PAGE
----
Waiting in the wings, and embracing much of Galton, was economist Friedrich Hayek who argued that any value that can’t be expressed as a price - decided by the market, was nothing more than subjective opinion and preference. Hayek’s research would go on to influence the ideals of Thatcher and Reagan - that society itself, was nothing more than a universal market. All these factors combined contribute to nurturing the roots of neoliberalism, which play a significant part in the ways all our mental health is understood and how our fellow humans are ranked.

Clinical Psychologist, Peter Kinderman et al, in an essay of the same name, suggests we should ‘drop the language of disorder’ and start by acknowledging that distress is a normal, not abnormal, part of human life - that humans respond to difficult circumstances by becoming distressed. The death of someone we love, can lead to a profound, and long-lasting, grieving process. In what sense is it a ‘disorder’ he asks, if we remain distressed by bereavement after 3 months? This excludes any possibility of finding meaning in people’s ‘disordered’ responses and experiences, preventing people from understanding how they might use their own resources to address their difficulties. Kinderman tells us, that those psychosocial factors like poverty, unemployment and trauma are the most strongly evidenced causal factors for psychological distress - other factors - genetic and developmental— influence the magnitude of the individual’s reaction to these life circumstances. If mental illness is seen predominantly as an individual chemical and statistical problem, this has huge benefits to the market, whilst neatly apportioning blame and shame on the individual, while feeding the pharmaceutical industry, who doling out medication contributing to the creation of a passive and compliant workforce to boot!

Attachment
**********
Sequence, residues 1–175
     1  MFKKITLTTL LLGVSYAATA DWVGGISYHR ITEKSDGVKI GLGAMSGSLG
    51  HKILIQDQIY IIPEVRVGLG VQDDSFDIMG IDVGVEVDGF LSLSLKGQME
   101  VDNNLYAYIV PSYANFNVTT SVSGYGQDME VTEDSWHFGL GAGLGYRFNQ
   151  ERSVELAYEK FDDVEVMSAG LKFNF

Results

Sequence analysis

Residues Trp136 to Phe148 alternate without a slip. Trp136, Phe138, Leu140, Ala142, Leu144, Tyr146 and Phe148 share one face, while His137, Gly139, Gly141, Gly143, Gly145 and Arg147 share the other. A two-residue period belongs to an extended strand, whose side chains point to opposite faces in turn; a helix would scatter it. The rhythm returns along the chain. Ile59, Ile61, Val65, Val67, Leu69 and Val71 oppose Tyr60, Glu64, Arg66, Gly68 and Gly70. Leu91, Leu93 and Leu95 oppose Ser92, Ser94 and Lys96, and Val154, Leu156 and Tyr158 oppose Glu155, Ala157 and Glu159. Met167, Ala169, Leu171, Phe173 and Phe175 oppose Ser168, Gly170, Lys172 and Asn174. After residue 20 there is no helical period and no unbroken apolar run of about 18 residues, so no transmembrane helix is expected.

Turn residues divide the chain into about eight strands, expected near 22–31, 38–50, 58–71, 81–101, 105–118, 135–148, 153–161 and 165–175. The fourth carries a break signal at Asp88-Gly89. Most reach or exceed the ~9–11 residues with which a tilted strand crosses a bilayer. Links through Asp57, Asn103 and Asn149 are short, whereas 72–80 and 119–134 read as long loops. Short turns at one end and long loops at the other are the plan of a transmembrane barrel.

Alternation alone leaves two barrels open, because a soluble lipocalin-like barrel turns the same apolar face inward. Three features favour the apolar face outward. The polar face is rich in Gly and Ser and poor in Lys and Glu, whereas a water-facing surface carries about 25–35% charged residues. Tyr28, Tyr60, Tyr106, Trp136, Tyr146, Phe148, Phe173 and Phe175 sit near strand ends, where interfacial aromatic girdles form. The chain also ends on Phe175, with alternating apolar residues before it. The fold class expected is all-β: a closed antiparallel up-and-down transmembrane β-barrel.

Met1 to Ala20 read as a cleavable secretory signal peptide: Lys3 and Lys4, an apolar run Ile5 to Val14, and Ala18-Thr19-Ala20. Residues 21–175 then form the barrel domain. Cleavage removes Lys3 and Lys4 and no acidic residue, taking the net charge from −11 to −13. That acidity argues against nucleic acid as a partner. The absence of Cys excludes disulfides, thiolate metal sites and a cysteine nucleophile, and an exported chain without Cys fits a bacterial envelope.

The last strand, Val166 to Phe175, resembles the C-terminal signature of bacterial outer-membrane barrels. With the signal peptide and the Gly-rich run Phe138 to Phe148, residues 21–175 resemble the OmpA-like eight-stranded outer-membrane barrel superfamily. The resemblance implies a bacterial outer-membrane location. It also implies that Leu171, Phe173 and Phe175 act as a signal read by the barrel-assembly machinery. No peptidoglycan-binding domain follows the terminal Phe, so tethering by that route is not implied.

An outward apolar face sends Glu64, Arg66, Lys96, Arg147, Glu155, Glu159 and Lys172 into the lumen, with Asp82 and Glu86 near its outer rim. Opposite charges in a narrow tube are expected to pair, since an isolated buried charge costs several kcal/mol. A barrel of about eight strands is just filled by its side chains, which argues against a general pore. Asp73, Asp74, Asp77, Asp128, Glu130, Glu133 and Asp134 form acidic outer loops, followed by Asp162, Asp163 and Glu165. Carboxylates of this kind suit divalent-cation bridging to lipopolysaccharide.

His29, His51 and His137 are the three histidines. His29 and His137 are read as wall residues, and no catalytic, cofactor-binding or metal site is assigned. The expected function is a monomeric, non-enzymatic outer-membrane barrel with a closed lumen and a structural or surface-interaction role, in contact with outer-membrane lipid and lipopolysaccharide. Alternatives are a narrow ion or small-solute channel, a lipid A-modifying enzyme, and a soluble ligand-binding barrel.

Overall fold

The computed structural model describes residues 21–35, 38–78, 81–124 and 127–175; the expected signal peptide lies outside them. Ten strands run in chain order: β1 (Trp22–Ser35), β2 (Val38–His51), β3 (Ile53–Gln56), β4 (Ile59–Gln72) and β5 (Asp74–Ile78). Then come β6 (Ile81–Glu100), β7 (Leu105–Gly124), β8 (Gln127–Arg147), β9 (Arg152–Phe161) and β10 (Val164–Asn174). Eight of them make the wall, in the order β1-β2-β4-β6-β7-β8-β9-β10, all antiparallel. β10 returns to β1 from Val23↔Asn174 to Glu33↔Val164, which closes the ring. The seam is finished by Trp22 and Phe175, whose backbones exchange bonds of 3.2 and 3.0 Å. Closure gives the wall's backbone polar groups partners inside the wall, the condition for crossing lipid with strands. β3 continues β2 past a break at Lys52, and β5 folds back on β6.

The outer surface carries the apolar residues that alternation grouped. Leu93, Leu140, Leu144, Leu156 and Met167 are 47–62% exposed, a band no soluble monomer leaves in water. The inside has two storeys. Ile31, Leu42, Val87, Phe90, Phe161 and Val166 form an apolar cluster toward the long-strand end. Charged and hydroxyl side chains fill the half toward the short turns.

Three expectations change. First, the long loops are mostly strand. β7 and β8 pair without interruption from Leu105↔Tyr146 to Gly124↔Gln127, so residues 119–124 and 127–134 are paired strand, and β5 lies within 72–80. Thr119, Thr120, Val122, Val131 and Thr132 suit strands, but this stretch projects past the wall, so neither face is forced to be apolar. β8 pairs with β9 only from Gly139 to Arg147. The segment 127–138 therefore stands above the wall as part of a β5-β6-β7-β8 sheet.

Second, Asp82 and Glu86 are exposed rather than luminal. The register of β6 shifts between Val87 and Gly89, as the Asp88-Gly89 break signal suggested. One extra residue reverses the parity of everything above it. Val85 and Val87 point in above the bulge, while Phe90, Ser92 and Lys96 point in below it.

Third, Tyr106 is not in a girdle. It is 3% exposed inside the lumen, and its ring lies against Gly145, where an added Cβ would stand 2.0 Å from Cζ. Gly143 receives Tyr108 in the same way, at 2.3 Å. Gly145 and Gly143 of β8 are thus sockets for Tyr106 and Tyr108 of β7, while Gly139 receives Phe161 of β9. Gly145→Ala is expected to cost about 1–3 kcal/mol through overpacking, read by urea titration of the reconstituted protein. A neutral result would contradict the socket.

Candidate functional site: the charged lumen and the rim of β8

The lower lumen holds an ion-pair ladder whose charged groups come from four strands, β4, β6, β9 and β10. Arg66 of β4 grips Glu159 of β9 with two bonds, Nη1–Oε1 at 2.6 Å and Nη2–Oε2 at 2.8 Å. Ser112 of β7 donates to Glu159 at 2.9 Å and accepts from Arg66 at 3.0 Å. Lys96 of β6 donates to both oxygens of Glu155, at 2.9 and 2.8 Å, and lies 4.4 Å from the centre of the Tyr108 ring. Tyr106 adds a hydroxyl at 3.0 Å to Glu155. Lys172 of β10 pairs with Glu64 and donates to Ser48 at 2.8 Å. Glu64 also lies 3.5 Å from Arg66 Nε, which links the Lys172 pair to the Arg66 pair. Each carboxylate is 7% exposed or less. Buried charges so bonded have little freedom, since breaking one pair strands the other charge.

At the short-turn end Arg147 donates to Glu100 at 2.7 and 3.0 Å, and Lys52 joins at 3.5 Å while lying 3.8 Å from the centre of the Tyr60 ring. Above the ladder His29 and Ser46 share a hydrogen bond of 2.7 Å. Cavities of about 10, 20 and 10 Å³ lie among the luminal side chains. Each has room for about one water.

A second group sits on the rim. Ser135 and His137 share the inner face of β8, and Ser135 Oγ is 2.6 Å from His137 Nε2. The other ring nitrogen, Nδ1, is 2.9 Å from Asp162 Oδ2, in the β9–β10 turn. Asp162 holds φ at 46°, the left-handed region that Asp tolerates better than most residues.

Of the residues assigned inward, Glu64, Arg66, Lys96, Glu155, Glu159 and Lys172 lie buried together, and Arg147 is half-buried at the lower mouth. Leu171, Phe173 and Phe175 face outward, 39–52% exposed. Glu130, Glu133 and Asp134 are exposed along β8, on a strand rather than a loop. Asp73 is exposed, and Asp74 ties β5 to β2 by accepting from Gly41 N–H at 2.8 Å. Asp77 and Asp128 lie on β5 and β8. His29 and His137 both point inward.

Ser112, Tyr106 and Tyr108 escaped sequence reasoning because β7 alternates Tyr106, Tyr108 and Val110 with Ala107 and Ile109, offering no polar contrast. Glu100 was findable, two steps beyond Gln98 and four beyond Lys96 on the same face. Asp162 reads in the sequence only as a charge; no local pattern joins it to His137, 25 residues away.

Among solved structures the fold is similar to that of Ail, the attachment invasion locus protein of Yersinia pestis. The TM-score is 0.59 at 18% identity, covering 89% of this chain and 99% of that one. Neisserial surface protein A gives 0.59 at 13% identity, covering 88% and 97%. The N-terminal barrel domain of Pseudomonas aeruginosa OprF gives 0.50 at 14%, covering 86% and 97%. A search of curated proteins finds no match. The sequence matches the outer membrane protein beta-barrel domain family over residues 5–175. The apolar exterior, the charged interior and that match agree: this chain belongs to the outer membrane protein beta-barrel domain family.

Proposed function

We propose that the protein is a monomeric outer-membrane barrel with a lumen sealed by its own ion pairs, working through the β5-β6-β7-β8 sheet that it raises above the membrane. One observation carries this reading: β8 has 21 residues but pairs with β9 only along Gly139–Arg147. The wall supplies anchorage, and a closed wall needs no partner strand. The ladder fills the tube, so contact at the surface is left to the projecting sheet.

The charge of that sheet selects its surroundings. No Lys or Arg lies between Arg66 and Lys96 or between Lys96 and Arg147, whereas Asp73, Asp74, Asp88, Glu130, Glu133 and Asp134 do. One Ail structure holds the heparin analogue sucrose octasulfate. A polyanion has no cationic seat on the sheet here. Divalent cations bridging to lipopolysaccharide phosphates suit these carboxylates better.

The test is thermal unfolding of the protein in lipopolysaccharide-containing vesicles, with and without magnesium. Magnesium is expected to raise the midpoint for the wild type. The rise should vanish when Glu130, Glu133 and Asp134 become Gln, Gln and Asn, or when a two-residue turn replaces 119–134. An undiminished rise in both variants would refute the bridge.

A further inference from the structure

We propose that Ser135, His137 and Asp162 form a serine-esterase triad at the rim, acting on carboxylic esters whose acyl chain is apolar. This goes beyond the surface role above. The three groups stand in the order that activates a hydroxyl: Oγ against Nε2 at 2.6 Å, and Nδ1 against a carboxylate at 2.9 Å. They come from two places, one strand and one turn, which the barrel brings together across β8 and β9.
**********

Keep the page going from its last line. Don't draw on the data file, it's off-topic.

Added to all this blame and shame, the booming wellbeing ‘industry’ seems fixated on anyone being able to recreate themselves as ‘the best possible version of themselves.’ In his book, The Selfish Capitalist, Oliver James suggests that toxic capitalist policies and culture stoke up the aspirations and expectations of our entrepreneurial and delusion societies, that we can all be the next Kim Kardashian, Bill Gates or, if you really work extra hard, the president. James believes these toxins are poisonous to our well-being by reinforcing the systemic belief that material affluence is the key to fulfilment and that access to the top is open to anyone willing to work hard enough, regardless of their familial, ethnic or social background - if you do not succeed, James wryly notes, there is only one person to blame! We have been marketed an image of constant perfectionism which doesn’t exist physically or mentally. It’s a delusion that we are all in some way part of.